WTO GATS, FTAA, CAFTA, WORLD BANK, IADP
Reader Dan continues.
At one time, trade rules were designed to enhance trade in goods and therefore focused on the lowering of tariff and quotas. But today’s “trade” agreements also seek to encourage international competition in a vast range of service sectors. The new trade agreements encompass “everything that you cannot drop on your foot,” and include banking, telecommunications, postal services, tourism, transportation, waste disposal, oil and gas production and electricity. They also cover those services universally considered to be essential to human health and development, like healthcare, education and drinking water.
In many countries, citizen access to essential services as well as a fundamental function of government is to ensure and protect this access. Traditionally, this has meant that governments have provided the services themselves. While we often don’t think of essential services as primarily profit-making operations, many essential services such as health care and schools have proved highly profitable when privatized and freed from public interest regulation. For corporations, health care and education represent a combined $5.5 trillion market worldwide, and the new trade agreements like the WTO General Agreement on Trade in Services (GATS) and the proposed Free Trade Agreement of the Americas (FTAA) would increase their access to that market, without building in protections for consumers, workers or the environment.
1) There are only a few major companies and they are international in scope. This affects the goals of the suppliers as distinct from people who actually drink the water.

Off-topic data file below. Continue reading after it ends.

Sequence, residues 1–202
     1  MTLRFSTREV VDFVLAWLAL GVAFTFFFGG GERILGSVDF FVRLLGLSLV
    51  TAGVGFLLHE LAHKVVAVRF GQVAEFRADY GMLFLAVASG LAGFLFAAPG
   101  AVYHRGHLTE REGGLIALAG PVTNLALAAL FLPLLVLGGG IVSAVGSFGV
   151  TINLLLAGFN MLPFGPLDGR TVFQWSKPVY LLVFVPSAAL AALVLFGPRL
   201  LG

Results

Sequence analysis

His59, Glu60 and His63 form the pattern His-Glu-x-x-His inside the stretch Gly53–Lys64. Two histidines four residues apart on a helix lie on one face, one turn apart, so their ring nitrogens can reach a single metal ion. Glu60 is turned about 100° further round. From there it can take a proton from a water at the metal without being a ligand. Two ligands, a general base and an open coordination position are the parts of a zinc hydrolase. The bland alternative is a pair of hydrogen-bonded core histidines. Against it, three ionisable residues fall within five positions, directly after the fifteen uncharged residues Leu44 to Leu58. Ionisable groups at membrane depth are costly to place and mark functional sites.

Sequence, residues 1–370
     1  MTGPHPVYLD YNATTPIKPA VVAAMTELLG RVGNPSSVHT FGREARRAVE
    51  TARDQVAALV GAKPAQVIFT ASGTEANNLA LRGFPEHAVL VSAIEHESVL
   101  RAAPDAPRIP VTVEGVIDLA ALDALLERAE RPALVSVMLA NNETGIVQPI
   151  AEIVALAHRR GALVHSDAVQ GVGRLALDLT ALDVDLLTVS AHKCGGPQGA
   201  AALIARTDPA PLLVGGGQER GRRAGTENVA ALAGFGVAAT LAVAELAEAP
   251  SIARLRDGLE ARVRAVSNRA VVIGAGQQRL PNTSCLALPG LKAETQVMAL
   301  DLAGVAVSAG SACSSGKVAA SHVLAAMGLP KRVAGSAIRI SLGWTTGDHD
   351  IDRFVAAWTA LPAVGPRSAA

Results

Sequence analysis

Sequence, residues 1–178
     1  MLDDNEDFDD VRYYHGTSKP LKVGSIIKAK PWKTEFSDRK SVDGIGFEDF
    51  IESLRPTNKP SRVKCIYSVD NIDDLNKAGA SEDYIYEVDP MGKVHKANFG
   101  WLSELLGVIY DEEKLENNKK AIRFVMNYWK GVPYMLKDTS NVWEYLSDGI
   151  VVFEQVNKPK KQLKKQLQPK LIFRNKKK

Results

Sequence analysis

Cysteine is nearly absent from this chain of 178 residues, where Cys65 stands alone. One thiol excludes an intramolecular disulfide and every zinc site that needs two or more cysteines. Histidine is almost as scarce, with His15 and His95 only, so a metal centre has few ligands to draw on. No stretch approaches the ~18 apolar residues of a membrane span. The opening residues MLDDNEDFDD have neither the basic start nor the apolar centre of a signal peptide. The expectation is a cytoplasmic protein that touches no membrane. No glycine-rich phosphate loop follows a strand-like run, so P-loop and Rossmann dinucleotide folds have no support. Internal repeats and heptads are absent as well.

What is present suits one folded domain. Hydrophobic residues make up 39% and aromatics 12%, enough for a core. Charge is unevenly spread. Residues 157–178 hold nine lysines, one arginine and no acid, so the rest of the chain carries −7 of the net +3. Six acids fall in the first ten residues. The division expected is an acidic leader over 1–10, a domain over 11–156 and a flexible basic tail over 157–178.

2) The agreements can open any national, state, or local government regulations to being overruled by appeal to a WTO tribunal. It can also pre-determine the playing field by impeding domestic company advantage of being close to the source of supply.
3) Lending organizations offer loans with harsh stipulations. IMF, World Bank, and IADP and here are lending with well-defined market objectives in mind that pre-determine how privatization is done in relation to international versus domestic companies.
4) Any regulation government or private for quality is put in the hands of the WTO tribunal. Hence the public regulatory mechanism for common good can be bypassed. It strikes me that a domestic company can be overruled as well, if you posit a conscientious supplier who drinks the water and wants regulation. Can you advertise that X company sells water that is dangerous?
5) Costs are to be charged in a pay-go manner instead of longer term financing that might be public or private that string out the initial costs over time. Prices are dramatically affected with one or the other. Full cost recovery affects public health negatively.
6) To date investment costs have not been to improve infrastructure, but more to maintain markets, implement management efficiencies, and increase profit margins at a cost to the consumer that appears to be short term, thus avoiding capitalization costs to improve the system.
7) It is possible that who gets to choose the design and engineering consultants work under WTO control, with not even the national government as a partner.
This defining of markets, occurring in supposed secret with access tending to be by leaks, seeks to define markets in a very non-competitive way, and to lessen any risk taking to minimum. There are provisions that a company can raise prices solely due to devaluation of the national currency, without regard to actual on the ground expense.
Where is the invisible hand? This does look like an invincible hand that is hard to think of as free in a good old fashion American way. And what about national sovereignty? All this stuff seems to turn things upside down in our own talk of markets, national interest, and the like.
Where do I throw my bricks when accountability questions arise?